A grand jury has been empaneled and is already beginning to hear evidence in the manslaughter case against a white man who choked an unarmed Black homeless man to death on a New York City subway train last month.
While details about the secret proceedings were scarce, ABC News reported Thursday evening that the grand jury working to determine if Daniel Penny’s second-degree manslaughter charges in the chokehold death of Jordan Neely should advance to a trial has gotten underway. It was not immediately clear when the grand jury began hearing evidence in the case.
But if history with New York City grand juries hearing separate cases involving vigilante violence on a subway as well as a chokehold death — both hallmarks of the allegations against Penny — people expecting justice to be served for Neely may not want to hold their breaths.
The case against Daniel Penny
Penny, 24, was formally charged on May 12, nearly a full two weeks after eyewitnesses claim he came up behind Neely and placed the 30-year-old in a sprawling chokehold over what’s been described as a perceived threat from the homeless man on the F-line subway train.
Neely was in the throes of a mental health crisis when he boarded the subway on May 1 and screamed at passengers that he was hungry and didn’t care if he died or went to jail while throwing his jacket to the ground. Neely also allegedly threw trash at passengers. While mental health advocates recognize that behavior as a cry for help, Penny, a former Marine, claims he identified it as a threat, prompting him to take the law into his own hands by physically accosting Neely and employing what turned out to be a lethal chokehold. Witnesses claim Penny held Neely in the deadly restraint for at least 15 minutes.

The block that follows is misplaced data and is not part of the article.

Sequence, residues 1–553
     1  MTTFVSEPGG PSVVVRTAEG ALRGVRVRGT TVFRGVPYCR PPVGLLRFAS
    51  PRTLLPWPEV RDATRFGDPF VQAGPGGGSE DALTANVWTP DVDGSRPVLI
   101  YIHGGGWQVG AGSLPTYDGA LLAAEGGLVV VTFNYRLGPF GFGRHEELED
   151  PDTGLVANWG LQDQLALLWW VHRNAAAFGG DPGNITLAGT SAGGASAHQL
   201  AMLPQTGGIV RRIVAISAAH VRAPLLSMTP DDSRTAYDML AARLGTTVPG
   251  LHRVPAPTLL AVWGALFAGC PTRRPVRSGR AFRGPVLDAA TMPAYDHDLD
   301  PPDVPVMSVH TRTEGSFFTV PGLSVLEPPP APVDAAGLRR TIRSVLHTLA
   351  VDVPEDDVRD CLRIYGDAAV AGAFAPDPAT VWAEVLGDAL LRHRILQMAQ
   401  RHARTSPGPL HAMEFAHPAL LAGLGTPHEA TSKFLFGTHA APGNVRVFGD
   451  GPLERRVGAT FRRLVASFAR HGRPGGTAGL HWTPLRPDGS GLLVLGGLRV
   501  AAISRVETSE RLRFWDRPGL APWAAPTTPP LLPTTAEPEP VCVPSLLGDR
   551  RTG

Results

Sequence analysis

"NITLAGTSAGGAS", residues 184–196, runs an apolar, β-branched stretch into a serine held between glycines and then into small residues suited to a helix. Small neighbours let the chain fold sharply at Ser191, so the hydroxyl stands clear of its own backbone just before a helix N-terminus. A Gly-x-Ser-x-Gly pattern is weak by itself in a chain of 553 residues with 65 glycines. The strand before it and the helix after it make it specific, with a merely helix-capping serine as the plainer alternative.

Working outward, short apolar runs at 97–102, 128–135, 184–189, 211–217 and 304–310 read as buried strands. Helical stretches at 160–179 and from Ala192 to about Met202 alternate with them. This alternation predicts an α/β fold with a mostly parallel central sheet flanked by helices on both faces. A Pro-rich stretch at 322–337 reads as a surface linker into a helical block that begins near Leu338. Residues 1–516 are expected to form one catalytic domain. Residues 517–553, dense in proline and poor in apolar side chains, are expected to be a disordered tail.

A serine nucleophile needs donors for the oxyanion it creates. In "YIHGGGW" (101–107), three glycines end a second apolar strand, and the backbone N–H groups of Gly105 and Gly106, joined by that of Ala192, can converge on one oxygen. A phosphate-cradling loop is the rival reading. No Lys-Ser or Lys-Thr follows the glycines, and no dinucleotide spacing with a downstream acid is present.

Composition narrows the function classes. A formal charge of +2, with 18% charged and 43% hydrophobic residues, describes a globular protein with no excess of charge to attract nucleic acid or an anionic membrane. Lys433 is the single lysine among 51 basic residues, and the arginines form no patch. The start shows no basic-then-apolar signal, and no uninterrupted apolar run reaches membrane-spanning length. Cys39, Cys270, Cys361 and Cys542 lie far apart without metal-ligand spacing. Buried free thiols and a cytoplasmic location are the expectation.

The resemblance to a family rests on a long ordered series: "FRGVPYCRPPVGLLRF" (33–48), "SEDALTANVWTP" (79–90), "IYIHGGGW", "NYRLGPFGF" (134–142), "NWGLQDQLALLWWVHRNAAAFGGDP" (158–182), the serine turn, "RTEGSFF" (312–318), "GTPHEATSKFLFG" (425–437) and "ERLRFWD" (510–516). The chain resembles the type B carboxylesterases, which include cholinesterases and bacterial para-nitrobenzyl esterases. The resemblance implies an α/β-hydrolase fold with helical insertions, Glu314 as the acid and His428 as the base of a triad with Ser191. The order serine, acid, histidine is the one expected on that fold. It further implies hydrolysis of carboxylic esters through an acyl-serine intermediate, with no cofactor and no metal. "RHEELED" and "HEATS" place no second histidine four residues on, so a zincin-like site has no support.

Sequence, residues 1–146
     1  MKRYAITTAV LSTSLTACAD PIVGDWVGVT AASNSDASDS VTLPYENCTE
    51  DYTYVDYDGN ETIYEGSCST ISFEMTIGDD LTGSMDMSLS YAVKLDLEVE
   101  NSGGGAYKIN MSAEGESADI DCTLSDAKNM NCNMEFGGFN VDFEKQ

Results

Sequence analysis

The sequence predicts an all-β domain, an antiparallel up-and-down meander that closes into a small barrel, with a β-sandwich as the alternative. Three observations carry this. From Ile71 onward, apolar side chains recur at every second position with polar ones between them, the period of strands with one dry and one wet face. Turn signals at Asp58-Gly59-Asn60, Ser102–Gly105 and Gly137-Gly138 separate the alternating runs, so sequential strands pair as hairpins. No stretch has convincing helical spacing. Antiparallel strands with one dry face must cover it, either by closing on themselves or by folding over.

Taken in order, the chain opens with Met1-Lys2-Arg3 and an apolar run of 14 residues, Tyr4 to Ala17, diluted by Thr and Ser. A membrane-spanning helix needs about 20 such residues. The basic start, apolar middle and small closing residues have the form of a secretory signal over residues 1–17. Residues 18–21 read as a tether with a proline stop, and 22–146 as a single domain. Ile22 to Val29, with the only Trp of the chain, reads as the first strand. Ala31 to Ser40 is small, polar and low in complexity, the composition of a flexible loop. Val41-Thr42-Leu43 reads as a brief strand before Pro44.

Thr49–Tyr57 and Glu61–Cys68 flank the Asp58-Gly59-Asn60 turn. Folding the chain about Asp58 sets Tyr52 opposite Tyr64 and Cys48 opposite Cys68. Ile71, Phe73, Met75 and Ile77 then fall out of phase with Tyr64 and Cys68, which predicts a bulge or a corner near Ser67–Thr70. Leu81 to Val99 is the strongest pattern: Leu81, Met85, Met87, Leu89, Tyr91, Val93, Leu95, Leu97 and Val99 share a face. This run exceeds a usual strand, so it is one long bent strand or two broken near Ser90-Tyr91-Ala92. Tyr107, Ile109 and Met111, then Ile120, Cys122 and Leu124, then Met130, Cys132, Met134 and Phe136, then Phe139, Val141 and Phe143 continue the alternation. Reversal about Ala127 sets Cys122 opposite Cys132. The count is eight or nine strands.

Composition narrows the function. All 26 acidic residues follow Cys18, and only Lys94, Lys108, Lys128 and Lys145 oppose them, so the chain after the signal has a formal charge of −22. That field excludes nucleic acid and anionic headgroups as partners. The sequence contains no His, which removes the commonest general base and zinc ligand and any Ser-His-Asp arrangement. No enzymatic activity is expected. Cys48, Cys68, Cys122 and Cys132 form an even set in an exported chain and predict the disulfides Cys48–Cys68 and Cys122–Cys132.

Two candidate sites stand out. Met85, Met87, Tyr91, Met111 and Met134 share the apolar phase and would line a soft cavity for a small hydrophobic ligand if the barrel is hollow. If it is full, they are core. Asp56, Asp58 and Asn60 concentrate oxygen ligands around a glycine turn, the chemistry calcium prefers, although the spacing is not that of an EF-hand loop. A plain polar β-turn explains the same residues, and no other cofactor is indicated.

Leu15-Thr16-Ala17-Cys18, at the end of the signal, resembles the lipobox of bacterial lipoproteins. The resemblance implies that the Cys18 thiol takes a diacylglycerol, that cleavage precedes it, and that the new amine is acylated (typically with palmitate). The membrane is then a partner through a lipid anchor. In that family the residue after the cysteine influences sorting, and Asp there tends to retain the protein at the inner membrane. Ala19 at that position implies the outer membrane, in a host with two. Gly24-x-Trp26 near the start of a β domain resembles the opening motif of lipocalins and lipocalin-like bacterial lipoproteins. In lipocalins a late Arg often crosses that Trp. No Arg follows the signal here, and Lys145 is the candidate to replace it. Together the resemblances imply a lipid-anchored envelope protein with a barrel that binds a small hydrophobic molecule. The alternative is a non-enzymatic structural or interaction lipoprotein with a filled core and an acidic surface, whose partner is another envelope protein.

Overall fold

Penny was taken into custody at the scene but quickly released with no charges.
Penny’s lawyer said his client not only feared for his life but also acted to protect other passengers on the train and described him as a hero “good Samaritan,” a narrative that right-wing media has run with. Penny’s fate now rests in the hands of the grand jury, which can either decide to uphold the indictments or decline them.
His situation is eerily similar to that of two other notable cases in New York City involving Black male victims — like Neely — that resulted in what critics have long called miscarriages of justice. Whether history repeats itself with Penny is anyone’s guess, but legal precedent suggests the same could be true when it comes to adjudicating the homicide of Neely.
Penny’s case is similar in nature to that of Bernhard Goetz, who New York City media dubbed “the subway vigilante” after he shot four young Black men at close range on a train in 1984.
Like Penny’s confrontation with Neely, Goetz shot Barry Allen, Troy Canty and Darrell Cabey — all 19 years old — and James Ramseur, 18, because of a perceived threat. Goetz said he believed the teenagers were trying to mug him and reacted out of self-defense. While none of the teenagers died, Goetz claimed he thought they wanted to rob him when they asked for $5. The four teens maintained they had only been asking subway passengers for money.